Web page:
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4-1 to 2-1 Multiplexer Help

  1. Oct 18, 2006 #1
    I cannot seem to understand how in the attached diagram, they went from the 4-1 multiplexer to the 2-1 multiplexer.
    The main part is the modified truth table. I cant understand what is going on for the life of me!

    If someone could please explain this, it would be much apprecieated.

    Thanks!
     

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    Last edited: Oct 18, 2006
  2. jcsd
  3. Oct 18, 2006 #2

    berkeman

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    Staff: Mentor

    They just simplified the generation of the output. The first implementation with the 4:1 is a bit overkill anyway, so the simplification to the 2:1 and using one of the inputs to generate the two input terms is pretty natural. Just look at the output function that is desired, and ask youself how you would generate it using only a 2:1 MUX. The solution shown is the same way you would come up with.
     
  4. Oct 18, 2006 #3
    I totally get the 4:1...but ahh I cant seem to get my head around the 2:1 for some reason:mad:

    I guess my main problem is I dont see how the modifed truth table for the 2:1 acutally results in the XOR truth table...
     
  5. Oct 18, 2006 #4

    berkeman

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    But you do see how the 2:1 MUX generates the desired output function, right? I didn't read any more than that into it. Is your text trying to generalize some method for simplifying circuits with this example? As I said, the 4:1 starting example is pretty contrived. You wouldn't normally use a MUX to switch between static signals.
     
  6. Oct 18, 2006 #5
    Well the text gets into Shannons Theorm in the next section. But acutally, I dont understand how the 2:1 generates the function.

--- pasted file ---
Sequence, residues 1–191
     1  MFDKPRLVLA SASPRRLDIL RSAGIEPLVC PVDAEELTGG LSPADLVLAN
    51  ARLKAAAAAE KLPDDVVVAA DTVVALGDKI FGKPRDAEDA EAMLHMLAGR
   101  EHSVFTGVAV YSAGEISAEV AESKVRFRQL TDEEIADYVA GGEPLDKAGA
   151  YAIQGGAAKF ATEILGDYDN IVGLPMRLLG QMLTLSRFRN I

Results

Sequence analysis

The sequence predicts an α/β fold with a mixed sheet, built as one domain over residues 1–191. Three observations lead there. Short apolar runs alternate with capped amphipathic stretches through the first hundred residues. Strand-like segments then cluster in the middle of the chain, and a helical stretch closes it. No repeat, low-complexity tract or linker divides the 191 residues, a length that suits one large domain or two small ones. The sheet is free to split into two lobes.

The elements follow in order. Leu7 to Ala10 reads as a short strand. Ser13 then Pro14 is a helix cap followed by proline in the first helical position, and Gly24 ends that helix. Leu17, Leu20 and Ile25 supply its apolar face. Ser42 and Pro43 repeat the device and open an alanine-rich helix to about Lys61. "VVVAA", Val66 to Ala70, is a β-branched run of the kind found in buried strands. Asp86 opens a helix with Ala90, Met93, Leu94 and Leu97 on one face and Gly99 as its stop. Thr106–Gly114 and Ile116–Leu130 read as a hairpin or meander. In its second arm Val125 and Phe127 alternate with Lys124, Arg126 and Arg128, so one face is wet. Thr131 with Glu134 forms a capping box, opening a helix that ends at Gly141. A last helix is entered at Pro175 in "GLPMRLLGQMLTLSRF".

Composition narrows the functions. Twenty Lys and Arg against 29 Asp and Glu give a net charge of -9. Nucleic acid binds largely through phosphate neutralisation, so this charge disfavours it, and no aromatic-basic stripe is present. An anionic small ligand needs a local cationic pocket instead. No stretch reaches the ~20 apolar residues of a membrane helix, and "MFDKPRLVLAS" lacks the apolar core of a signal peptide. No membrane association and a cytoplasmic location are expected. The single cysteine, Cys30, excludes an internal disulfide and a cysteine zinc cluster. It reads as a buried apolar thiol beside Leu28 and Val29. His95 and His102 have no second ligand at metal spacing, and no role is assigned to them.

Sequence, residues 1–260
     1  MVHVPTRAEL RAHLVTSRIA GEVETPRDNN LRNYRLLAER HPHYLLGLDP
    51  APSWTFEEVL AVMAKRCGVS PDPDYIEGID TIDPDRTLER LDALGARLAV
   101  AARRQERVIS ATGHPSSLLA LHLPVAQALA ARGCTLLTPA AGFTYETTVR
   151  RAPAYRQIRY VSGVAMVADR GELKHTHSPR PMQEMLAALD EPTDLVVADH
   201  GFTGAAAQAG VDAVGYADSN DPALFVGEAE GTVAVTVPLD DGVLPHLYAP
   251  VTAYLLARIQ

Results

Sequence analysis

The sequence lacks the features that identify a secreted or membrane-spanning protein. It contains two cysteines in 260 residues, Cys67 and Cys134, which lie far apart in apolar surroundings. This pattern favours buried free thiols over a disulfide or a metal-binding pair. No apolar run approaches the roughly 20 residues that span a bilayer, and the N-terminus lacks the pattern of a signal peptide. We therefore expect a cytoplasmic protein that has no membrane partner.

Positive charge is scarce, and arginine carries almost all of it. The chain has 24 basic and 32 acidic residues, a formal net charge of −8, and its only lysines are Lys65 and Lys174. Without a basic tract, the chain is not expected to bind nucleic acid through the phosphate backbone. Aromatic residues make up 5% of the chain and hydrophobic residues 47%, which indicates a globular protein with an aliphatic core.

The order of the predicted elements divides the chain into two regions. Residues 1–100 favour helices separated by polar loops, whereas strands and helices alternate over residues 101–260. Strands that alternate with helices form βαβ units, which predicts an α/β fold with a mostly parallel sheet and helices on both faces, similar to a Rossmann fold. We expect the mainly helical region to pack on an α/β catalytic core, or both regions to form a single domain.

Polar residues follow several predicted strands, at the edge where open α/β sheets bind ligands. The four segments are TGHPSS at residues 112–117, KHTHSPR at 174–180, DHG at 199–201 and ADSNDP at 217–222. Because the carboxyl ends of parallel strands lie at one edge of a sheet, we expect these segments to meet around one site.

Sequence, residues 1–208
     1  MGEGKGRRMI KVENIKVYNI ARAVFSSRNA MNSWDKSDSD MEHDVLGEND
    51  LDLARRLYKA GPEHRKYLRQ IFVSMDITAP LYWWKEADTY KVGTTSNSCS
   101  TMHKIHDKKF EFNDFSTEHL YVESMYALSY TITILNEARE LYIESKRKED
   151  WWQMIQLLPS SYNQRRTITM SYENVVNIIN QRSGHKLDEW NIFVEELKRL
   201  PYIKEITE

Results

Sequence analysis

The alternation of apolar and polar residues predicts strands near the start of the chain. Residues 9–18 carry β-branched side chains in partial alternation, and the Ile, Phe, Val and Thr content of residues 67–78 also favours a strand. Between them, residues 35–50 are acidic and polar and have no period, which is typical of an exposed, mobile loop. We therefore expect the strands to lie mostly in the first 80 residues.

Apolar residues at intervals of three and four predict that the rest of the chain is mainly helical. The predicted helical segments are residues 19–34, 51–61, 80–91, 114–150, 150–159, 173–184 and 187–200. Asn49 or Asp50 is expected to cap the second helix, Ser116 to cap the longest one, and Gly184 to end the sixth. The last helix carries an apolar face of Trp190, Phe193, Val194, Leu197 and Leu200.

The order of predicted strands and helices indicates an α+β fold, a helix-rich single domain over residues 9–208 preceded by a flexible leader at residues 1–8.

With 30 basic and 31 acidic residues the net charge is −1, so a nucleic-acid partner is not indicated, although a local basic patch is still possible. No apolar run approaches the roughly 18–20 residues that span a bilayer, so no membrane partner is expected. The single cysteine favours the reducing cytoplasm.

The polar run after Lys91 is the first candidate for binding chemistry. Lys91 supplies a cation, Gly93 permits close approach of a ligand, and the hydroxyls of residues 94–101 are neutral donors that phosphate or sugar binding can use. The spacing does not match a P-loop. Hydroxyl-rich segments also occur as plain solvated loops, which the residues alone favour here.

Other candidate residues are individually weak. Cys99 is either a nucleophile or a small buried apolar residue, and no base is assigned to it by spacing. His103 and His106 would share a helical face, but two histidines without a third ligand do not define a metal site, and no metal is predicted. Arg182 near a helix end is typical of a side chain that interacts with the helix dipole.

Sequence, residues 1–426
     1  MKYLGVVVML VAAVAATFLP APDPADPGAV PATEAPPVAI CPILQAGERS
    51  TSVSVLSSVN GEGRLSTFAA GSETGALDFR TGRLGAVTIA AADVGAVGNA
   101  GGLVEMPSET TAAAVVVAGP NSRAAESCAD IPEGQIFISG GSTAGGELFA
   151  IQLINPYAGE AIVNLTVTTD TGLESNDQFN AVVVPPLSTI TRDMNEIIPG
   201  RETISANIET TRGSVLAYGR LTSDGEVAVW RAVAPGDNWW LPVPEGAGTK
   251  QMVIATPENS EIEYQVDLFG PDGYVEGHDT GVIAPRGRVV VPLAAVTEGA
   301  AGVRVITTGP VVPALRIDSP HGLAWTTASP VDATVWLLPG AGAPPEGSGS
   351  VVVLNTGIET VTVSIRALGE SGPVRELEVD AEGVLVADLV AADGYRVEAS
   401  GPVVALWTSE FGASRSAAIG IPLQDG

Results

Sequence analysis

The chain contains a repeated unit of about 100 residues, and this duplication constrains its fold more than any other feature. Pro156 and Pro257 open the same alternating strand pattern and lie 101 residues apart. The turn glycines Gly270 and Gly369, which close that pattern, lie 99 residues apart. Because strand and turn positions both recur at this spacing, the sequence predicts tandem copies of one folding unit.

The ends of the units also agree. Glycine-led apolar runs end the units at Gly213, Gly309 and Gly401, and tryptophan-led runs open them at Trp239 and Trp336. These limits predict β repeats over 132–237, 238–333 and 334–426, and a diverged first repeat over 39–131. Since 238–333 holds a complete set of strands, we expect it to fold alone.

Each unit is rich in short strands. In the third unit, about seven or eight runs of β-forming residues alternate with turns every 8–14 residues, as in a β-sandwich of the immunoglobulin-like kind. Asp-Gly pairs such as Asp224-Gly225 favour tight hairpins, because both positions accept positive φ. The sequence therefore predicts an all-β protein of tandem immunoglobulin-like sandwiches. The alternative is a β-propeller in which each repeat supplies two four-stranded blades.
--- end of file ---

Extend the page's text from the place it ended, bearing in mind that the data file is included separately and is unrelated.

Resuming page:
With the 4:1 its straightforward, whatever w1 and w2 correspond too, the value of f is listed (XOR truth table)

    with the 2:1, it says this in the text
    "w1 is 0, f has the same value as input w2"
    "w1 is 1, f has the same value as input w2' "

    I dont understand what the text is saying at all.

    ahhh sorry about this. Im really not sure why I dont understand this, but I dont want to move on until I do.
     
  7. Oct 18, 2006 #6

    berkeman

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    But if you look at the full truth table, you should see what the text is saying. Look at the first two lines, where w1=0. For the first line, f=0, which matches the value of w2=0. For the 2nd line, f=1, which happens to match the value of w2=1.

    Then look at the 3rd and 4th lines, where w1=1. On the 3rd line, f=1 but w2=0. And on the 4th line, f=0 but w2=1. So when w1=1, the value of f is the opposite of the value of w2.

    So all of that means that you can implement f with a 2:1 MUX, controlled by w1, and with w2 and w2' as the inputs. Does that help?
     
  8. Oct 18, 2006 #7
    Ohhhhhhhh! I see it now!

    Thankyou SOOOO much!
     
  9. Oct 18, 2006 #8
    Just one more question.

    Consider function G(A,B,C) = AB + BC. Let F(A,B,C) be the complement of G(A,B,C). Then F(A,B,C) can be implemented using A as the select input to a 2:1 multiplexer. The correct implmentation of F(A,B,C) is shown in...

    The question then lists five choices with diagrams.

    I just would like to know how to approach this.

    I found the complment to be (A' + B')(B' + C'), but what to do from here is where I am stuck.

    Thanks!
     
  10. Oct 18, 2006 #9

    berkeman

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    Hah! That's interesting. I don't know what the underlying theorem is (it's been a long time since I did low-level logic manipulations), but at least this problem turns out really simple. Cool.

    Start by drawing the Karnaugh map for G(A,B,C). Draw it with A on the left and BC on the top (so the map is 2 rows and 4 columns). The two rows are labeled at the left as 0,1, and the 4 columns are labeled along the top as 00, 01, 11, 10. Put 1's in the map where the function G=1.

    Now invert the map to show the F function, changing 0<-->1 in each square. Now gather terms, and write the F function minimally. You get something like B' + A'BC'. Now think about how you can make a very simple 2:1 MUX inplementation of this using A as the selector signal. What do you put into the A=1 input? What do you put into the A=0 input?

    Pretty cool, eh?
     
  11. Oct 18, 2006 #10
    Thanks again! Makes perfect sense. Just seems like practice is needed to look at the truth table and figure out how the select input relates to the data inputs.

    Thanks!
     
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